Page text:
Something else that I would like to demonstrate in this lesson on Customizing Thesis 2 with Background Images, Colors and Gradients is placing a color in the sidebar that goes all the way down to the bottom of the page.
Typically Color Extends Only to End of Content
As it sits right now there is no background color here in the sidebar. So we’ll inspect the element and If we were to a add a background color to div class=”sidebar” you can see it wouldn’t go all the way down to the bottom because it doesn’t have as much content in it as the page does.
Using a Background Image to Extend Color to Bottom of the Sidebar
So instead of that, what we’re going to do is use a background image. But instead of placing it in the sidebar, what we’re going to do is put it inside of columns and columns wraps both the content and the sidebar. We’re going to put this background image in columns. Then we’re going to set it to the right top for position and repeat in the Y-direction. Then it’ll repeat all the way down to fill up the space.
Add the Background Image
This is a fairly subtle color difference because we have this very light green background here and I’m going to put a white background behind this. I’ve created a background image for this already and it looks like this, it’s a white background image that’s 344 pixels wide, it’s 20 pixels tall.
I’ll come over here to our Media and browse for that image. It’s going to be social-sidebar, open that up, add the image and social-sidebar is there. We’ll copy it and then we’re going to come over here to columns, it’s div class=”columns” that we’re going to put it in.
In fact, I think I’m just going to take that, place that there and instead of footer, we’ll write .columns. We’re going to get rid of the background color and then the background image again is social-sidebar. The background position now is going to be right and it can be top or bottom, it doesn’t really matter in this case and we’re going to repeat in the Y-direction or vertically only.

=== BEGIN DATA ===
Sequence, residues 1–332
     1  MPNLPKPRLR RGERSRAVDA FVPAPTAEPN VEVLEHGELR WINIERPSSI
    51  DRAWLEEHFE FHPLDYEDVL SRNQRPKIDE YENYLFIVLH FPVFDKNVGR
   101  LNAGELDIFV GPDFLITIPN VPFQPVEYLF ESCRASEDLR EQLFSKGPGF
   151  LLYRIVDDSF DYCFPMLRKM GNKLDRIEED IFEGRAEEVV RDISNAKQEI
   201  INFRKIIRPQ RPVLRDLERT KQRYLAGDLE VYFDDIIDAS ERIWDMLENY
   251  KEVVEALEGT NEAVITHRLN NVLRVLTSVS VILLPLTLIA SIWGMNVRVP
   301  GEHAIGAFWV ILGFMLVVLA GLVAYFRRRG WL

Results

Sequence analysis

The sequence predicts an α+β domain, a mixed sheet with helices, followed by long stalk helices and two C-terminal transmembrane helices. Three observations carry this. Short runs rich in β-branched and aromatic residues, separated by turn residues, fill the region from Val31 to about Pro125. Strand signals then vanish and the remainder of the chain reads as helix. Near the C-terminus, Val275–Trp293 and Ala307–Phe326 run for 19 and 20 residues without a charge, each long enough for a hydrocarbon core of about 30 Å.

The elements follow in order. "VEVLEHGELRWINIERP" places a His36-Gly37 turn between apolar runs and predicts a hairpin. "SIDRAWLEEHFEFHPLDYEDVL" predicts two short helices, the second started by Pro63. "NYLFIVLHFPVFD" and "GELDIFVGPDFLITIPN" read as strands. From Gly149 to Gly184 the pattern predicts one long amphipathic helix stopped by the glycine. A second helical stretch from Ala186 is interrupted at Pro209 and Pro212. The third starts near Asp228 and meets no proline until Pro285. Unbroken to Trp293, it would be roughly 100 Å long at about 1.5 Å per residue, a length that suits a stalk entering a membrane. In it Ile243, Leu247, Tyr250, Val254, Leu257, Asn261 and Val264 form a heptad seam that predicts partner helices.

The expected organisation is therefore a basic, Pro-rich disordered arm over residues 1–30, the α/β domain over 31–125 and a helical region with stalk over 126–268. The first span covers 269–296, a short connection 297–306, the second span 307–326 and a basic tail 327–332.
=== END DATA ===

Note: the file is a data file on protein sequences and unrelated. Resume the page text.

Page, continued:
Let’s save that, come back over here and refresh this. Now you can see we’ve got this white background color here although unfortunately, that white background color continues up into our query box section up here, right? So we need to cover that up.
Review How Layering Works
And this raises an opportunity to talk about how layering works. Remember that this background image is a background image of the body which means it’s behind absolutely everything. And this content is contained inside of the body and therefore, its background is above the body’s background and therefore it’s color is above the body background image.
This container here called the feature box is inside of the content column which is therefore, above the content column. When we give it a background color, that color will sit above this white background image.
Actually, that reminds me I wanted to show you something cool about that so we’re going to inspect the element and then we’re going to come over here and look at it in 3D and kind of shift it around in 3D. The way this works is here’s that background image we put into the body and then here is the background image right there.